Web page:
Secure Freight pilot analyzes scan-all impact
U.S. Customs and Border Protection is already gathering feedback on the technical performance and commercial impact of its Secure Freight Initiative in preparation for reporting results of the pilot program to Congress in April, Richard DiNucci, the program’s director, said Friday.
Congress one year ago mandated the Department of Homeland Security to conduct one-year trials at three foreign ports of systems capable of imaging the contents of containers and detecting whether they emit radiation to prevent weapons of mass destruction from being smuggled into the United States through commercial channels.
The experimental effort to scan 100 percent of cargo containers is underway at Port Qasim near Karachi, Pakistan; Puerto Cortes in Honduras and Southampton, United Kingdom. The ports were selected because of their limited volumes in order to make the test process manageable. The tests were designed to study the feasibility of scanning all containers, but Congress did not wait for the results before ordering in July that all containers destined for the United States undergo non-intrusive technical exams by 2012.
CBP is evaluating the quality and timeliness of the data feeds from the machines it receives at its National Targeting Center, the container flows as trucks are funneled through gates with the drive-by equipment, environmental effects on the inspection equipment and other factors to assess the impact of 100 percent scanning on trade and Customs operations.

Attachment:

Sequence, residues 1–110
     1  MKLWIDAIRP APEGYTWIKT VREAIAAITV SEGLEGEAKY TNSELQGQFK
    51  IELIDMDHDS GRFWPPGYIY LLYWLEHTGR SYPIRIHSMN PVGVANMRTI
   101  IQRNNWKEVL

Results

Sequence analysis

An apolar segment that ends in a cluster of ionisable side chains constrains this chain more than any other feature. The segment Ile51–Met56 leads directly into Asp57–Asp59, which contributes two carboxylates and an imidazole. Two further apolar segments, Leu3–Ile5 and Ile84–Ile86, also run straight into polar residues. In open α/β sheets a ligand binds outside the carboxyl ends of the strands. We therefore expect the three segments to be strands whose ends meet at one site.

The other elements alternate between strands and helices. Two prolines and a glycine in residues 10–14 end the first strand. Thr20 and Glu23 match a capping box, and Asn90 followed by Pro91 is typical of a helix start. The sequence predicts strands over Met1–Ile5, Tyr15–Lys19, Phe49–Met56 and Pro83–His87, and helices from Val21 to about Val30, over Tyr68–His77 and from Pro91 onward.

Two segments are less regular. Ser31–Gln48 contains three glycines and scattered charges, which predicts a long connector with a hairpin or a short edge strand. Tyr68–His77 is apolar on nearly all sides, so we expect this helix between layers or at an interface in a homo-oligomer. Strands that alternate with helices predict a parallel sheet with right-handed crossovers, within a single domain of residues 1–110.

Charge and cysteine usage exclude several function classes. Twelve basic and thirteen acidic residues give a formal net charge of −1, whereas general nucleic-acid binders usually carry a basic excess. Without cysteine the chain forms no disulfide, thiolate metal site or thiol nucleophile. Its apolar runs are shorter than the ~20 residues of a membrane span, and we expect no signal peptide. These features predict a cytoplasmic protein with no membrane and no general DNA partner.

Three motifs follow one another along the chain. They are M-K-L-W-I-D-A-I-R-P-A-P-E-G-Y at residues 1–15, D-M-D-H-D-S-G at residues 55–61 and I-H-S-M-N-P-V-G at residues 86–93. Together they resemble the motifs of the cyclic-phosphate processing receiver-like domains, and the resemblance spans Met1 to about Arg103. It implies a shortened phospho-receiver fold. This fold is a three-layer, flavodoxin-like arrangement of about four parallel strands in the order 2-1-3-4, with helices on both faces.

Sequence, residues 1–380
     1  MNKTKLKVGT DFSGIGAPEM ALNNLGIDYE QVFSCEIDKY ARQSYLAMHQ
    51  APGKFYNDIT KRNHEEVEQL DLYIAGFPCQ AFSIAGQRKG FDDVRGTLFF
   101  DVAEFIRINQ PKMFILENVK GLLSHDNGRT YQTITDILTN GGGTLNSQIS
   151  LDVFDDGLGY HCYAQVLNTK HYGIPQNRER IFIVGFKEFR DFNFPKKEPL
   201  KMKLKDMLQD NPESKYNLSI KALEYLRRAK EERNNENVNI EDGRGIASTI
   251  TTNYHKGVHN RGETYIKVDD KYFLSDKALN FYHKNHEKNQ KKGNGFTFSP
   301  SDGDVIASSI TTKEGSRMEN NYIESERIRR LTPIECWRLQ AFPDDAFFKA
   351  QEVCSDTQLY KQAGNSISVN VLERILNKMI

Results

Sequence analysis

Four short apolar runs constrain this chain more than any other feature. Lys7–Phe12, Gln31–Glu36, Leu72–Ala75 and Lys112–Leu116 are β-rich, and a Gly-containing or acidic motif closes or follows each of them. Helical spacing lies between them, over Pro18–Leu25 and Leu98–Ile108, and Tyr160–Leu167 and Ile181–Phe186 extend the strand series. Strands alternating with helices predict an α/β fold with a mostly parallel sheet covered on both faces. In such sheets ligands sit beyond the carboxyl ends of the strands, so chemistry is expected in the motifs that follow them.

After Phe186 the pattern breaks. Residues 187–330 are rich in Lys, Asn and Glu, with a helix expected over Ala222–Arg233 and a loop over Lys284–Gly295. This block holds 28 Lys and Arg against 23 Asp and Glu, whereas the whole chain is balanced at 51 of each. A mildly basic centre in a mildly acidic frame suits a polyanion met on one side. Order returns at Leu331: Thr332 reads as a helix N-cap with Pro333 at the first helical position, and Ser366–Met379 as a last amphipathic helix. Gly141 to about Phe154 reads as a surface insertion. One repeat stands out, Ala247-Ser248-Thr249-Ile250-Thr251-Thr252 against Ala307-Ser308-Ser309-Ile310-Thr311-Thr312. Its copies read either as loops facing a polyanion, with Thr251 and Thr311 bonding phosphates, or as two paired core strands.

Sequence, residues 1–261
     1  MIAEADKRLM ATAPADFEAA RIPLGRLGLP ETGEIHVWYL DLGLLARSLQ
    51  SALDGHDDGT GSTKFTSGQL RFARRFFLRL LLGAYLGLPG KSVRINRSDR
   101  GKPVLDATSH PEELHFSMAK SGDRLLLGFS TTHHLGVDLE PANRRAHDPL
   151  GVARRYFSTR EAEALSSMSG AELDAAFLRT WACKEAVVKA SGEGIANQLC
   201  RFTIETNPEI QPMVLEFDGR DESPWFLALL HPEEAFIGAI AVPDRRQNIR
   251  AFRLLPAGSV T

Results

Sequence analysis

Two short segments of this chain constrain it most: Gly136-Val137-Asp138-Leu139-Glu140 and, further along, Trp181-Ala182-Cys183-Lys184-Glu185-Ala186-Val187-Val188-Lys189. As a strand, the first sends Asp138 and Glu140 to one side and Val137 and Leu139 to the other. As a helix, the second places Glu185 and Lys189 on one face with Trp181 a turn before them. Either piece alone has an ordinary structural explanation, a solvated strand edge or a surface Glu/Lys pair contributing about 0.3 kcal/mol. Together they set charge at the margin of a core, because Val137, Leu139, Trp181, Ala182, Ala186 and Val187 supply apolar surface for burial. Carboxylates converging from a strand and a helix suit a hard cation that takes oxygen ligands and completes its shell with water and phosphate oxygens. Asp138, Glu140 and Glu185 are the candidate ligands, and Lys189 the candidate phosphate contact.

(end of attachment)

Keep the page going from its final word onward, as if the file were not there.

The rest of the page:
As part of the information gathering process, CBP has sent teams out to interview terminal operators and ocean carriers and also plans to survey shippers who move cargo through the pilot ports, DiNucci said during a briefing for the Commercial Operations Advisory Committee in Washington.
The DHS went beyond the congressional mandate and will test the scan-all approach in four high-volume ports on a limited basis. Automated inspections will take place at single terminals at:
' The Port of Busan, South Korea,
' Salalah, Oman.
' Hong Kong.
CBP will use those test cases to observe how scanning works in different operating environments with different cargo flows and different customer service requirements, DiNucci noted.
The Port of Singapore, for example, guarantees customers that it will move cargo within specified periods of time.
Some of the challenges faced by the program so far include 115' temperatures in Pakistan that cause problems with the images and rainy conditions in Honduras that require the equipment to dry out before X-ray or gamma ray pictures can be taken, DiNucci said, repeating congressional testimony by DHS last month.
CBP likely will engage an independent advisory board of economists to make sure it properly identifies and assesses all the performance metrics, DiNucci said. ' Eric Kulisch